Achen is seated by a small swamp. This is no ordinary swamp; it has come about over a period of two weeks of none stop rain which has flooded the land below the village where Achen lives. There are lots of flies around her because this swamp also has all the feaces and garbage from the village. It is a dumping ground. Achen does not seem to mind about the filth around her and she is not bothered even when a house fly rests on her nose. She just chases it with a wave of her hand like it is a norm. The truth is that Achen’s village is not a village anymore. It is a camp- a simple collection of small makeshift huts in a large open area. The occupants like to call it their village though, because it is the only home that they know now.
Each hut houses a family and is so small that a grown man cannot stand in it. There is one communal bathroom in the middle of the camp that serves almost thirty households with the latrines filling up faster than they can be dug. There is no room to fit a bed and it fits two small mattresses on the floor. The hut is the living room, dining and bedroom all in one. Most of the time, the occupants are forced to eat outside their huts because of the lack of space. There are hundreds of these little huts with only about twenty centimeters between one hut and the next. The children hardly have space to play and only make do with the open spaces near the boreholes and feeding area.
Achen can see the trucks at a distance and she stands up to get a better look. She thinks that she is seeing badly when they disappear behind a hill. Achen shakes her head and sits back down. ‘‘It must be a dream”, she tells herself. Just as she is starting to believe that, the trucks appear and this time it is so clear. Achen claps her hands. They are the food relief trucks and they are heading towards her village. She has to hurry and tell her mother.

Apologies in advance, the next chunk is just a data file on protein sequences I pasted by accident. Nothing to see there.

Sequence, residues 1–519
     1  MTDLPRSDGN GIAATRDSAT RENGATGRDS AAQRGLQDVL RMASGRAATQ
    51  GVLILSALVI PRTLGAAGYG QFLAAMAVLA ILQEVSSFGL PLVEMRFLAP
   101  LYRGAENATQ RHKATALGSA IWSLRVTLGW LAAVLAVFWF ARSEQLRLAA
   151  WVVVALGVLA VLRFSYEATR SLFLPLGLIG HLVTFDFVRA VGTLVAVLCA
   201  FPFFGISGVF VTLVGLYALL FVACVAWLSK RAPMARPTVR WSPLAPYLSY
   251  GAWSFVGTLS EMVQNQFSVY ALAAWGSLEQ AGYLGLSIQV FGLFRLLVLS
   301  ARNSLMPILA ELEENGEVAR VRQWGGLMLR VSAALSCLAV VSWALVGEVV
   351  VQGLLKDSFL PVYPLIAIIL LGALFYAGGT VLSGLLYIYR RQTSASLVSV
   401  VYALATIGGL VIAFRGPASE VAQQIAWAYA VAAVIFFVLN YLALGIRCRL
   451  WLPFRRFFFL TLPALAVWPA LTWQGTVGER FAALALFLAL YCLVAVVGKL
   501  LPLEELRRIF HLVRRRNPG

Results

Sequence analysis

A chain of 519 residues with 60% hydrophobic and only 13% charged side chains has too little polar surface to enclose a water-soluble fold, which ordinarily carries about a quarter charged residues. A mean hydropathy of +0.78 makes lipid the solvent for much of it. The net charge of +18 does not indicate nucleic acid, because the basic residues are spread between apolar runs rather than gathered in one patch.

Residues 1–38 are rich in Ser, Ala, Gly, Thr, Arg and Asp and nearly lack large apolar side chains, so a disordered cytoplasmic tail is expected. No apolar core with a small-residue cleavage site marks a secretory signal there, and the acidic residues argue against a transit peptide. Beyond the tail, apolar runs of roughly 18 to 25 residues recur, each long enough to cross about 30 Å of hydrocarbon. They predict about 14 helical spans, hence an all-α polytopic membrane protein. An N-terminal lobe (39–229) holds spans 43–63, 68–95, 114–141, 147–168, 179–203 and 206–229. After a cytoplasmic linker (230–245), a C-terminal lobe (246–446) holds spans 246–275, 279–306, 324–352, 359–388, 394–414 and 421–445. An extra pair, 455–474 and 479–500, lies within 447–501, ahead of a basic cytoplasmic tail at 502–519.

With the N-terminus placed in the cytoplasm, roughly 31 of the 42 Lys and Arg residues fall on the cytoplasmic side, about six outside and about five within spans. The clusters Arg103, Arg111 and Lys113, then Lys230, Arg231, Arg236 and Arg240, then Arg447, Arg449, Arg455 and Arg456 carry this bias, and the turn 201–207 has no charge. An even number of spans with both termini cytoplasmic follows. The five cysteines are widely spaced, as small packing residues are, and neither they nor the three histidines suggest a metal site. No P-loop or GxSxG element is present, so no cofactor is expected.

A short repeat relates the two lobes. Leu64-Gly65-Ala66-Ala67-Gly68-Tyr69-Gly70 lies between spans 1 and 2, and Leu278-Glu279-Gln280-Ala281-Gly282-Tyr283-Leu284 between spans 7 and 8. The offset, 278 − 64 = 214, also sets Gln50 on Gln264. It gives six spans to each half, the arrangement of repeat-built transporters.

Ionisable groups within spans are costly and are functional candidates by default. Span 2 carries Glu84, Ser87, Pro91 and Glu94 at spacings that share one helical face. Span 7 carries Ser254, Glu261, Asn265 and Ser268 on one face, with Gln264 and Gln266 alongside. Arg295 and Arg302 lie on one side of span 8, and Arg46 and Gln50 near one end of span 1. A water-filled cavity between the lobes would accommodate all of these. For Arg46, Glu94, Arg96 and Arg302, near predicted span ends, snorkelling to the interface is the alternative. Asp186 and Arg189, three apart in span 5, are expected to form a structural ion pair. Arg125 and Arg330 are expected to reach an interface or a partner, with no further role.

Achen has to be early to be among the first people in the line. That is the only way that she can guarantee that she will get some food. Lately because of the bad roads leading to the camps, the number of relief trucks has reduced tremendously. The few that come cannot feed all the people and the rations are so small that sometimes a couple of people do miss food. Achen runs as fast as she can and she runs into a number of people who are also scuffling around the camp looking for their food containers.
She enters the hut panting and she wakes up her sick mother in the process. She is looking everywhere for her food container and the hut is dimly lit so she is knocking things over. She almost falls on her sleeping mother who is startled.
“My child, is everything alright?” she asks weakly.
“The trucks have come Mama, I want to be the first in line”, Achen replies without looking at her mother. She is in a hurry and she does not want to be delayed by anything, not even her mother.
“Do not forget to take the right papers”, her mother says, gathering as much energy as she can manage so she can sit up. Achen turns and sees her and she goes to her and forces her to lie back down again.
Her mother calls her back, “Achen…”
Achen stops in her tracks and turns to face her mother, “Yes Mama?” She is worried that her mother might want water before she leaves. Her mother sits up slowly yet painfully on her mattress on the floor.
“No Mama”, she says but her mother insists and sits up. She looks at Achen and has a serious look on her face. Achen startles and walks back toward her mother. Under the dim light in the hut, her mother says, “You cannot fail. If you do, we will die.”
An excerpt from an upcoming book; My War Song by Achiro P. Olwoch